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Health officials warn it could be weeks before U.S. sees downward trend in COVID cases: "We are in a perfect storm"

New COVID pill offers hope amid grim forecast
Newly approved COVID pill offers another weapon in fight against pandemic 02:46

In the last three days, there were at least 671,000 new cases of COVID-19 in the United States, according to data from the Centers for Disease Control and Prevention. Experts believe it could be weeks before the country sees a downward trend. 

Meanwhile, more studies are emerging about the Omicron variant from several universities overseas. According to data from these studies, Omicron cases appear to less severe, but health officials still anticipate a spike in hospitalizations as the highly contagious variant spreads.

Across the U.S. some hospitals and other medical facilities are already overwhelmed. Nearly 20% of urgent care centers temporarily closed in the New York area Wednesday because of staffing issues. 

Michigan is seeing one of the worst COVID surges in the country. Governor Gretchen Whitmer sought assistance from the federal government after hospitals in the state, like Beaumont Dearborn Hospital, became overwhelmed by the number of patients needing treatment. The ICU at Beaumont Dearborn is at 98% capacity and the coronavirus accounts for most of those cases. 

Mary Ellen Kochis Rouillard, chief nursing officer at the Dearborn hospital, is now working alongside a team of U.S. military members. She described to CBS News' Nancy Chen what her fears are for the upcoming days and weeks.  

"It's really the unknown. We are in a perfect storm," Rouillard said. 

There is some evidence in studies from South Africa and the U.K. suggesting hospitalization rates may be lower for people infected with the Omicron variant. But experts say many people are still at risk.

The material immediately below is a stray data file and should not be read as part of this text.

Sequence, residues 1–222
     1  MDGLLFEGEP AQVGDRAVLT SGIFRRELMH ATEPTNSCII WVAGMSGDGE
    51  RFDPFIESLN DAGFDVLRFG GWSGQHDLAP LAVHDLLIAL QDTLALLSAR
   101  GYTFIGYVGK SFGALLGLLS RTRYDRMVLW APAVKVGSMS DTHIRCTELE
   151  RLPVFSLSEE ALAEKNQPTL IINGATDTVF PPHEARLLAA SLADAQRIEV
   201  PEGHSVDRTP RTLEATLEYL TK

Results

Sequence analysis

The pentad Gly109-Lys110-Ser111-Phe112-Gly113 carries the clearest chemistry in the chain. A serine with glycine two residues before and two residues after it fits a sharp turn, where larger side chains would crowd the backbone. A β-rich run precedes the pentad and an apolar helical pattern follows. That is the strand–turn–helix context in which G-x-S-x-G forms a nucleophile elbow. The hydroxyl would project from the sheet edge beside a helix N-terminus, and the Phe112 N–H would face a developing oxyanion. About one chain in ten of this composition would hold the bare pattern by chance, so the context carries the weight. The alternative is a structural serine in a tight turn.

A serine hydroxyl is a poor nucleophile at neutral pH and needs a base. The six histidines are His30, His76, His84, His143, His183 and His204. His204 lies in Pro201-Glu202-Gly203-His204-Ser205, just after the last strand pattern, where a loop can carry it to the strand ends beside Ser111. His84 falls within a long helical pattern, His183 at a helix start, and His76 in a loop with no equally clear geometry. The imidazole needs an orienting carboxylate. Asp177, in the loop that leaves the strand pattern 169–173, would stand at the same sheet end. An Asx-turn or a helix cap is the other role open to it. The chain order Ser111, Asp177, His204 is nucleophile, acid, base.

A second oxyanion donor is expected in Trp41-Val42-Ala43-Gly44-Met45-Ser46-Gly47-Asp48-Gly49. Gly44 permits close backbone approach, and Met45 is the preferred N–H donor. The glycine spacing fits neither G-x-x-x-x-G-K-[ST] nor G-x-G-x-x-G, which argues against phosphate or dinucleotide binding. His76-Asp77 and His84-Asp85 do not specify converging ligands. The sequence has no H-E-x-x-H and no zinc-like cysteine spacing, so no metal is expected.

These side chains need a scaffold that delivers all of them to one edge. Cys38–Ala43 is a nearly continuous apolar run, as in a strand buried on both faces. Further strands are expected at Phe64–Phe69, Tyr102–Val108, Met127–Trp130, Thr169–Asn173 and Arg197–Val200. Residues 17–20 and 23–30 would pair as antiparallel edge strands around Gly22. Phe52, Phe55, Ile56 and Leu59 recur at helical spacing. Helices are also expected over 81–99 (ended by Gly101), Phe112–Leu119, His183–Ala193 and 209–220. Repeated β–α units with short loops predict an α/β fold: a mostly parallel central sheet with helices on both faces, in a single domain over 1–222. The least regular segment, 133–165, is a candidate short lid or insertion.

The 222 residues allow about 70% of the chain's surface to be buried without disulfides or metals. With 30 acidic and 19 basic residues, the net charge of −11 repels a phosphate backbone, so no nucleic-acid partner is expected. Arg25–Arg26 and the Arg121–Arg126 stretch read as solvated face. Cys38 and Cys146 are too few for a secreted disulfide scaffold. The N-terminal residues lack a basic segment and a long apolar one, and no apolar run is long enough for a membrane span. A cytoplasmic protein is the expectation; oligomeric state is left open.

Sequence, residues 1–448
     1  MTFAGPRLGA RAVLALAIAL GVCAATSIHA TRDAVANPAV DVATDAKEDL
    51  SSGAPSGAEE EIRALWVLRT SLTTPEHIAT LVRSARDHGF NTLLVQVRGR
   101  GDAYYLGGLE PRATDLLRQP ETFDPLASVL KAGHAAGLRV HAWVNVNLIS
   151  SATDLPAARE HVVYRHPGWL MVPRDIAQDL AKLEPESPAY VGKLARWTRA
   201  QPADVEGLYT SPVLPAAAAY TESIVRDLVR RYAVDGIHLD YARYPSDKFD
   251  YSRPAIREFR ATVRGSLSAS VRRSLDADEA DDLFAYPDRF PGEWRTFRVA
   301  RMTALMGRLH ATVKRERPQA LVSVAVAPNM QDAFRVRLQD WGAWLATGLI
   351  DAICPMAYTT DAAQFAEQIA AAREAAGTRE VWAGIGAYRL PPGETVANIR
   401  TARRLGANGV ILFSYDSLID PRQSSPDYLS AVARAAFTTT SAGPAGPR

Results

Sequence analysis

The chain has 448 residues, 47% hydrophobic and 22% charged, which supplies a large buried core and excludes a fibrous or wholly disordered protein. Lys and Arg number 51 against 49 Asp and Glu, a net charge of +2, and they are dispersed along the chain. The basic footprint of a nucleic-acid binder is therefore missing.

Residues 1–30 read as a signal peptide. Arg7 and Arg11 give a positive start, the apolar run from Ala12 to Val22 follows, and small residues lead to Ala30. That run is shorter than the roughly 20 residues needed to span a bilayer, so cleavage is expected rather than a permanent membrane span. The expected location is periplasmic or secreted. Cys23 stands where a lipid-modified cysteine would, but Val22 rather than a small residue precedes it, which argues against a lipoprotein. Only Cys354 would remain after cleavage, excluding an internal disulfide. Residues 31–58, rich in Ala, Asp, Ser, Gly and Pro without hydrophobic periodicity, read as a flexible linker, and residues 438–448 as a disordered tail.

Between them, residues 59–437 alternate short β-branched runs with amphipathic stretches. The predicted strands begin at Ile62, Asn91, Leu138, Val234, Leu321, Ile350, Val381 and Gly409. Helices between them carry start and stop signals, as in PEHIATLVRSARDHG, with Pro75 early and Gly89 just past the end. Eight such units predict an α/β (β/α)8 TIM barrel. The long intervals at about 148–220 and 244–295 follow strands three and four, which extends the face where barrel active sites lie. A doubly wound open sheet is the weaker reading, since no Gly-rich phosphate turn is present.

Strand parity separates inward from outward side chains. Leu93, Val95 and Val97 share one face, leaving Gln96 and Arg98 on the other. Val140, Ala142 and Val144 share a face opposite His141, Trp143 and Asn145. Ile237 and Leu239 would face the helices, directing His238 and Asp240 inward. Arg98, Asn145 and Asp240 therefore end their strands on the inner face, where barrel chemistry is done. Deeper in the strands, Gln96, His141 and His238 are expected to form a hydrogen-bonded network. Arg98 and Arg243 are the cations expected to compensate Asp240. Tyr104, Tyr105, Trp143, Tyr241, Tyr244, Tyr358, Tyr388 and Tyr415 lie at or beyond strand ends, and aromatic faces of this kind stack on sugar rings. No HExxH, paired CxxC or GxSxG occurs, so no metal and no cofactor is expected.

"If you are unvaccinated, don't think that it's going to be a milder version of this virus. You shouldn't assume that at all. It could be really dangerous to do that," said CBS News chief medical correspondent Dr. Jon LaPook. 

CDC Director Dr. Rochelle Walensky told "CBS Mornings" on Wednesday that the agency is looking to see if it can ease the CDC's current COVID-19 isolation guidelines for those who test positive. Health officials believe shortening the 10-day isolation period could help bolster hospital staffing. 

"If you are vaccinated, and you are boosted, and you get infected, the virus may not be staying with you for a longer time for 10 days. And we need you to come back to work," said Dr. Ali Mokdad, chief strategy officer for Population Health at the University of Washington.  

According to three federal officials, the CDC will likely issue new guidance for health care workers who test positive for COVID-19 — potentially lowering the required time in isolation to 5 to 7 days instead of 10 days. Similar guidance may ultimately be expanded to a larger population.

In a major milestone in the fight against COVID, the Food and Drug Administration announced Wednesday it has authorized Pfizer's antiviral pills to treat COVID-19.

The agency found Pfizer's 5-day series of 30 pills, which can be taken at home, significantly reduced the chances of hospitalization for those at risk of serious illness if taken soon after symptoms develop.

"It almost certainly will be a physician writing a prescription for someone who, within the first three days of notable symptoms of COVID, and is in a high risk group, to get it," said Dr. Anthony Fauci, President Biden's chief medical adviser. 

The White House warns the antiviral pills will not be widely available for months and that the pills are not a substitute for a COVID vaccine, which remain effective at preventing hospitalization or death.

As families travel and gather for Christmas, health officials are reminding everyone to take precautions, including wearing masks and getting tested. 

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